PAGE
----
The Age of Violence

PARIS – Global problems are rarely straightforward. But, in general, careful analysis of their various facets leads to some understanding of their causes and, in turn, to reasonably promising solutions. Indeed, the opportunity to analyze such problems regularly is precisely what makes my role as a columnist so gratifying. Lately, however, promising solutions have been increasingly elusive.

Simply put, much of the world is mired in conflict, with little hope of escape. In Ukraine, violent clashes between pro-Russian separatists and the police are just the latest development in the country’s deteriorating security situation. Syria remains locked in a brutal civil war. And tensions between Israel and Iran over the latter’s nuclear program – not to mention Israel’s decades-old conflict with Palestine – are exacerbating instability in the Middle East, where ten countries, taken together, have become the world’s largest market for weapons, purchasing more new arms annually than China.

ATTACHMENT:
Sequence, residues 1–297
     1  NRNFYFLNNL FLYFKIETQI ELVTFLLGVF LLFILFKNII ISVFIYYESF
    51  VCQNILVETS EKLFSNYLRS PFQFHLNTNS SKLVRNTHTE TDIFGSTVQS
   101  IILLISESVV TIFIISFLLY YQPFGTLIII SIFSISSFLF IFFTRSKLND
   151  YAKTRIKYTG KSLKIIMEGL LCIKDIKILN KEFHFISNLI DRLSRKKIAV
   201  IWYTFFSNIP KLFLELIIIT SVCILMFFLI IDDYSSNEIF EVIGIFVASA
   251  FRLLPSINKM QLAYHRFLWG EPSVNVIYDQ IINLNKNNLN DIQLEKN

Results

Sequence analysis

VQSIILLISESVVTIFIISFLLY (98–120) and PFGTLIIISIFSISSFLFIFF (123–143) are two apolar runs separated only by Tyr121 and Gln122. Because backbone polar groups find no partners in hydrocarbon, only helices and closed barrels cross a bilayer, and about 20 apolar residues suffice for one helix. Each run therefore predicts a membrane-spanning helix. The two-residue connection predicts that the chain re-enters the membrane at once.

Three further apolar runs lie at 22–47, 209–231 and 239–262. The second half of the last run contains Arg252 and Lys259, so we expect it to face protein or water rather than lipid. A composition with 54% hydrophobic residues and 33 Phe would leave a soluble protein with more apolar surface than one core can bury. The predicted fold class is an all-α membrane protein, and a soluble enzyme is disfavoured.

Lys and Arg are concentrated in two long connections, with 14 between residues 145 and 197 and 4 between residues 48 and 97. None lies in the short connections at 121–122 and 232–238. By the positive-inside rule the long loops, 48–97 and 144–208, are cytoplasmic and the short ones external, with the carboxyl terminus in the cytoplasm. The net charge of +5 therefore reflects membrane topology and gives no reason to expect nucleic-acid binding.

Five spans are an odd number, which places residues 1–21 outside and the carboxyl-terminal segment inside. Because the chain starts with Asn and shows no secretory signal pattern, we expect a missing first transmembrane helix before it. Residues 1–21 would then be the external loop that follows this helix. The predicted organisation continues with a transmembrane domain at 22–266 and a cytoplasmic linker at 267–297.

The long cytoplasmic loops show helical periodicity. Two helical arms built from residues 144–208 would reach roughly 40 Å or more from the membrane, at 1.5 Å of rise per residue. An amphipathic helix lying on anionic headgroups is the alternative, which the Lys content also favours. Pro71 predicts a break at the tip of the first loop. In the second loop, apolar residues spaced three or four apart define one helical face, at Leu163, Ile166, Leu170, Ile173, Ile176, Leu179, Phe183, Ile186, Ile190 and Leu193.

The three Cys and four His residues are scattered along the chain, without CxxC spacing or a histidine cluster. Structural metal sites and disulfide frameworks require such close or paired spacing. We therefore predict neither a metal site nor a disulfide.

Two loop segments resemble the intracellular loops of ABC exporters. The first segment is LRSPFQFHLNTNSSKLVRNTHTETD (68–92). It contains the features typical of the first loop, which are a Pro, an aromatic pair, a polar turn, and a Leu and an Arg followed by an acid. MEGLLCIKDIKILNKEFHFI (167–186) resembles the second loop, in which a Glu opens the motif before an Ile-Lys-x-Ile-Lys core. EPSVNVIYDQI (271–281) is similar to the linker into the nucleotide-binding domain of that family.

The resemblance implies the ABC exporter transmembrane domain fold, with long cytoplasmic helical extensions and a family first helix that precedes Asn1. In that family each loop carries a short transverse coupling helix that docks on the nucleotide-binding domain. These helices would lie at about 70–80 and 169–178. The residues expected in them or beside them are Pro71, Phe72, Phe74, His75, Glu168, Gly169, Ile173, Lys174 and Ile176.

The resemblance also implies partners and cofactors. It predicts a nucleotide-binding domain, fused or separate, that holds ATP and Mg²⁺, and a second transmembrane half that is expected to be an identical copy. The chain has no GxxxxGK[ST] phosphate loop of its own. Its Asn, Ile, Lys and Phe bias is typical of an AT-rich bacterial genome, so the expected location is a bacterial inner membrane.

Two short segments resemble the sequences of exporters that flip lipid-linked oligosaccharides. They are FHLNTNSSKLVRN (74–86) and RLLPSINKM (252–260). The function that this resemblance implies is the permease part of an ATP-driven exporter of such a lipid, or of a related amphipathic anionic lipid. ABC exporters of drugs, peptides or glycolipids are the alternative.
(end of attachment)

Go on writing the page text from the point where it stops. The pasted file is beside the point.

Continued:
Several African countries – Mali, Central African Republic, South Sudan, and Somalia – are engulfed in permanent civil war, leaving citizens without potable water, much less schools, hospitals, and other social infrastructure. In Nigeria, the Islamic militia Boko Haram – a glorified gang of criminals – brings disgrace on the Prophet, in the name of whom they abducted more than 200 schoolgirls to sell or use as sex slaves.

In Asia, China’s military buildup and increasingly assertive approach in pursuing its territorial claims in the South and East China seas – which overlap with claims by Japan, the Philippines, South Korea, and Vietnam – is raising concerns among its regional neighbors. It does not help that China’s economic growth, which provided a powerful boost to the region’s smaller economies in recent decades, has slowed considerably.